Civil war in ireland 1922 23
The Irish Civil War 1922–23 by Peter James CottrellIn a sequel to his successful best-selling ESS 65 The Anglo-Irish War, Peter Cottrell explores the devastating conflict that tore Ireland apart, shortly after peace had been declared. He focuses on the short but bloody battles that witnessed more deaths than the preceding years of the War of Independence. Examining the many factions that played a part in the fighting, and more often in the terror and counter-terror operations, Cottrell highlights the contrasting styles of leadership and the conduct of combat operations by the IRA and the National Army. He uses detailed tactical maps to explain the tactics that ranged from urban warfare and street-fighting to the final siege of Limerick city. A bitter sequence of attack and reprisal, the Irish Civil War was a complex social and political battle to change the nature of government and politics in Ireland. This book primarily discusses the military operations, but also places these in the wider context of the personalities involved, including Liam Lynch and Michael Collins. It also assesses the impact of the war on civilian life, and its influence on the politics of Ireland at national and international levels thereafter. This is not only the story of one country, but also of the relationships between Ireland and Britain, and Ireland and America, which have had a profound impact on modern politics for decades.
Irish Civil War
Paul V. By the standards of the 'Great War' it was very small indeed; roughly 3, deaths were inflicted over a period of eleven months, probably less than the average casualties suffered on the Western Front during a quiet week. The Civil War contributed directly to the character of Ireland and Anglo-Irish relations, creating patterns that have only begun to be challenged in the past thirty years. As with all civil wars, this conflict generated extremes of bitterness that have haunted public and political life in Ireland up to the present day. Indeed, it is only after the passage of seventy-five years that scholars are able to approach the subject of the Civil War with some degree of detachment. Significantly the two main political parties in Ireland, Fianna Fail and Fine Gael, are the direct descendants of the opposing sides of the war. Although partition was an established fact at the beginning of the war, the conflict in the South only served to further undermine any possibility of reunification.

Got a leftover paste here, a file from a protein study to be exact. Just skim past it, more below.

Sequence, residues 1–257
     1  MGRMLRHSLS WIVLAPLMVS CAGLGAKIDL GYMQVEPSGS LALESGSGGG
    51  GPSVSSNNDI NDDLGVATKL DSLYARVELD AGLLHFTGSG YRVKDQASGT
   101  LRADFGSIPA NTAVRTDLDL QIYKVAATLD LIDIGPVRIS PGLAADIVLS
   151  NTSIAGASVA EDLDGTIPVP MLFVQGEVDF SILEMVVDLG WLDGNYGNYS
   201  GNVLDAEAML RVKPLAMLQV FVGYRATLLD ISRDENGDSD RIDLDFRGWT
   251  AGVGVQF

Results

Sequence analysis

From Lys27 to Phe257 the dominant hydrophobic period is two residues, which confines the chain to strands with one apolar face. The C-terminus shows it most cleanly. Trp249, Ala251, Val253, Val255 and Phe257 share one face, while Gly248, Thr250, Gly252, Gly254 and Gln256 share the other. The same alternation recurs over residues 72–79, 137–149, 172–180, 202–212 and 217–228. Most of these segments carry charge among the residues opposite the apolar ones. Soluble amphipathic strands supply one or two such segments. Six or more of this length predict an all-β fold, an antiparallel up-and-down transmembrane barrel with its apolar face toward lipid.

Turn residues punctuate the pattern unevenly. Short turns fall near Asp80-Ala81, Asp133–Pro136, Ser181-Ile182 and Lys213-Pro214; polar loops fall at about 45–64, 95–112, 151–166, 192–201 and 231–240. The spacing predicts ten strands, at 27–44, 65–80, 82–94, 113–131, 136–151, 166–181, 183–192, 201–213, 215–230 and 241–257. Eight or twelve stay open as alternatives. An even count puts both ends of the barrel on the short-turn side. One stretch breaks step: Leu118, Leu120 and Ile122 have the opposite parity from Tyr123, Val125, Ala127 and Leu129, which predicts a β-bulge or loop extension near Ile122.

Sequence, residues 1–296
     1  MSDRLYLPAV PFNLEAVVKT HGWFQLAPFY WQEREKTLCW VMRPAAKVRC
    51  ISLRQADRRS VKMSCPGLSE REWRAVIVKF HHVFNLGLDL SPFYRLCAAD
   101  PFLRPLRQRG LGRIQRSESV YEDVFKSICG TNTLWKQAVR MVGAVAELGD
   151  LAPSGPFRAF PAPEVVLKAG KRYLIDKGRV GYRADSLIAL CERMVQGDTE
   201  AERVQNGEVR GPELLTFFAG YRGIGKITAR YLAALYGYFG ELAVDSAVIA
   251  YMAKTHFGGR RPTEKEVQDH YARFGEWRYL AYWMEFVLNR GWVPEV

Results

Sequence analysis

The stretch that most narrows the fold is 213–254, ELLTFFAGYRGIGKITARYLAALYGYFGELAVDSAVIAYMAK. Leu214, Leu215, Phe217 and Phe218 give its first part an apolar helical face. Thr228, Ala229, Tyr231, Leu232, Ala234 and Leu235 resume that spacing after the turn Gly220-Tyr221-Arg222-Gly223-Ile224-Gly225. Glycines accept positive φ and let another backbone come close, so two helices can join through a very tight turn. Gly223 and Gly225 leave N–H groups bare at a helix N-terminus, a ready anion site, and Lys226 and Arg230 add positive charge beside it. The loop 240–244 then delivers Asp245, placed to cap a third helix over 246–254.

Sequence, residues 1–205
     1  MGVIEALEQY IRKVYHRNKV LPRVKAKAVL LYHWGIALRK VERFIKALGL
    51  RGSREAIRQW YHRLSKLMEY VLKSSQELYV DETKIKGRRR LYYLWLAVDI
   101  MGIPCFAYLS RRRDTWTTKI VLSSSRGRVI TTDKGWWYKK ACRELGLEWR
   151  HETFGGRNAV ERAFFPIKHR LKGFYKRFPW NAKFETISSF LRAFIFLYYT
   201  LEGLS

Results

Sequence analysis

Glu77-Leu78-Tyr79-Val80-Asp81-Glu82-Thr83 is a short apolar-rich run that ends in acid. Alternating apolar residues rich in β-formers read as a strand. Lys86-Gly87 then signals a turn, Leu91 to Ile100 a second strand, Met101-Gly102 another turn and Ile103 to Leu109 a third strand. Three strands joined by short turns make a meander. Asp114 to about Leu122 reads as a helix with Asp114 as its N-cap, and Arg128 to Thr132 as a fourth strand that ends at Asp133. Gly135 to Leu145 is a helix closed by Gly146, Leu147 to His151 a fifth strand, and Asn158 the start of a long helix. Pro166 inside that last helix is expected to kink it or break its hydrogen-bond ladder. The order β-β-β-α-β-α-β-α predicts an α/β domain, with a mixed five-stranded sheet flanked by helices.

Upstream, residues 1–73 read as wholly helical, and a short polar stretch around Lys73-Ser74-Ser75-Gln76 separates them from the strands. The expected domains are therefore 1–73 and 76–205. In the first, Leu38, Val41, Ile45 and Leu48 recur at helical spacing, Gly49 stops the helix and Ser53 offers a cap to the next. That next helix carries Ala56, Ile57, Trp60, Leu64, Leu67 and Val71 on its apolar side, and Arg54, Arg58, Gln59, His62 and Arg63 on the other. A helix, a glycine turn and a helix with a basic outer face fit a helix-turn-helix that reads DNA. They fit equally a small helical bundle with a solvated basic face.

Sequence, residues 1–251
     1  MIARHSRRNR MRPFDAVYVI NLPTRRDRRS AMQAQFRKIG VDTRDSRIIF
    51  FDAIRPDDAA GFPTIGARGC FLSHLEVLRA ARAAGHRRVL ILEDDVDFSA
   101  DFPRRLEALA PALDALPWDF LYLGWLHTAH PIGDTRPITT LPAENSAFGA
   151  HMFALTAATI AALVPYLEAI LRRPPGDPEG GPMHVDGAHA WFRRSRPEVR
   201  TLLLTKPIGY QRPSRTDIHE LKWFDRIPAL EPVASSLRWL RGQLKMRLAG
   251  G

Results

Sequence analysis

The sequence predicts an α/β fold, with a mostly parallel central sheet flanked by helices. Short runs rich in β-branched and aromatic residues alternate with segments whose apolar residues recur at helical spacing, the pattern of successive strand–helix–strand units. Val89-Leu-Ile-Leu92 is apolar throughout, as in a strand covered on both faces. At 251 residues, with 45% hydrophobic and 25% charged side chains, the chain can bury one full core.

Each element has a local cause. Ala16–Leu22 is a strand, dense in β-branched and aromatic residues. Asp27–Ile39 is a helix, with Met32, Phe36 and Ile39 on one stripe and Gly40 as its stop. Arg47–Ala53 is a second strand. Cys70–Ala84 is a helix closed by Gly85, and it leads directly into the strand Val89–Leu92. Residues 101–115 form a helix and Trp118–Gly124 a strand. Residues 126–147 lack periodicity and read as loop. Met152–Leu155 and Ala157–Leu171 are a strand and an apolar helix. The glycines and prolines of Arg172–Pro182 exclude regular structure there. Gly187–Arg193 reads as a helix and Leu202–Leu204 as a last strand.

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The town was flooded with pro-Treaty troops., Between the Easter Rising and the Anglo-Irish Truce of July , the nationalist project in Ireland reached its apotheosis with the emergence of an effective mass movement for an Irish Republic that achieved a remarkable degree of unity even as it accommodated a diverse collection of interests.
On the basis of a misguided agreement with Britain the all-island, thirty-two county Irish Republic would be overthrown and replaced with a partitioned, twenty-six county Irish Free State. However, this independent dominion of the British Empire would not come into formal existence until the 6th of December Up to that date the southern half of the country would live under the upstart rule of the Provisional Government, a transitional authority given twelve months to transform the state proclaimed in April , and ratified in successive plebiscite elections, into its British-countenanced replacement. From the 16th of January this self-appointed administration of Pro-Treaty men would operate with little democratic oversight or mandate, existing in a twilight zone of legality and constitutionality. This small military body was the pro-agreement splinter of the IRA, and despite its grand title it began as little more than a personal militia answerable only to Collins and his immediate associates in Dublin city and county. Meanwhile he was simultaneously setting up rival bodies seeking to replace both. The organisation would dominate national government on the island for the next decade and more, using the mass executions, imprisonments and expulsions of the counter-revolutionary struggle and its aftermath to retain power in the Twenty-Six Counties.
The conflict was waged between two opposing groups of Irish nationalists : the forces of the new Irish Free State, who supported the Anglo-Irish Treaty under which the state was established, and the republican opposition, for whom the Treaty represented a betrayal of the Irish Republic. The government of the Irish Free State established as a provisional government in January and as a full government in December was ultimately victorious. The anti-Treaty forces called a ceasefire in April and ordered their men to "dump arms" in May The war involved both conventional warfare late June—August when the Free State forces took the major towns and cities, and then a longer period of guerrilla warfare September —April as the anti-Treaty forces were gradually brought to a standstill. Statistics are incomplete, Free State government sources stated that between and National Army soldiers were killed in the war. Historian Michael Hopkinson, in Green against Green, p. Mulcahy stated that around pro-Treaty troops were killed between the Treaty's signing and the war's end; the government referred to army deaths between January and April